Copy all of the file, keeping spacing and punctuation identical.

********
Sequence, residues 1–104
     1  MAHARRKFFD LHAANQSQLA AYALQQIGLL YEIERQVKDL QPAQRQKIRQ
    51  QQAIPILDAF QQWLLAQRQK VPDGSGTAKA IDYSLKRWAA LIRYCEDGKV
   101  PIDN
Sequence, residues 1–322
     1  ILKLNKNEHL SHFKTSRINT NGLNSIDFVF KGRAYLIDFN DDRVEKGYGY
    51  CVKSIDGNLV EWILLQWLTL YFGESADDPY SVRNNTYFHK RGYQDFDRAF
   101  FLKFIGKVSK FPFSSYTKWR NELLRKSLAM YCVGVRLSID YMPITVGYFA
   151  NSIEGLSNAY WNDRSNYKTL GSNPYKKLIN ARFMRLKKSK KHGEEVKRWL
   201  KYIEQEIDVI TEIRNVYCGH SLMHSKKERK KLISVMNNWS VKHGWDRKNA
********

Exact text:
Sequence, residues 1–104
     1  MAHARRKFFD LHAANQSQLA AYALQQIGLL YEIERQVKDL QPAQRQKIRQ
    51  QQAIPILDAF QQWLLAQRQK VPDGSGTAKA IDYSLKRWAA LIRYCEDGKV
   101  PIDN
Sequence, residues 1–322
     1  ILKLNKNEHL SHFKTSRINT NGLNSIDFVF KGRAYLIDFN DDRVEKGYGY
    51  CVKSIDGNLV EWILLQWLTL YFGESADDPY SVRNNTYFHK RGYQDFDRAF
   101  FLKFIGKVSK FPFSSYTKWR NELLRKSLAM YCVGVRLSID YMPITVGYFA
   151  NSIEGLSNAY WNDRSNYKTL GSNPYKKLIN ARFMRLKKSK KHGEEVKRWL
   201  KYIEQEIDVI TEIRNVYCGH SLMHSKKERK KLISVMNNWS VKHGWDRKNA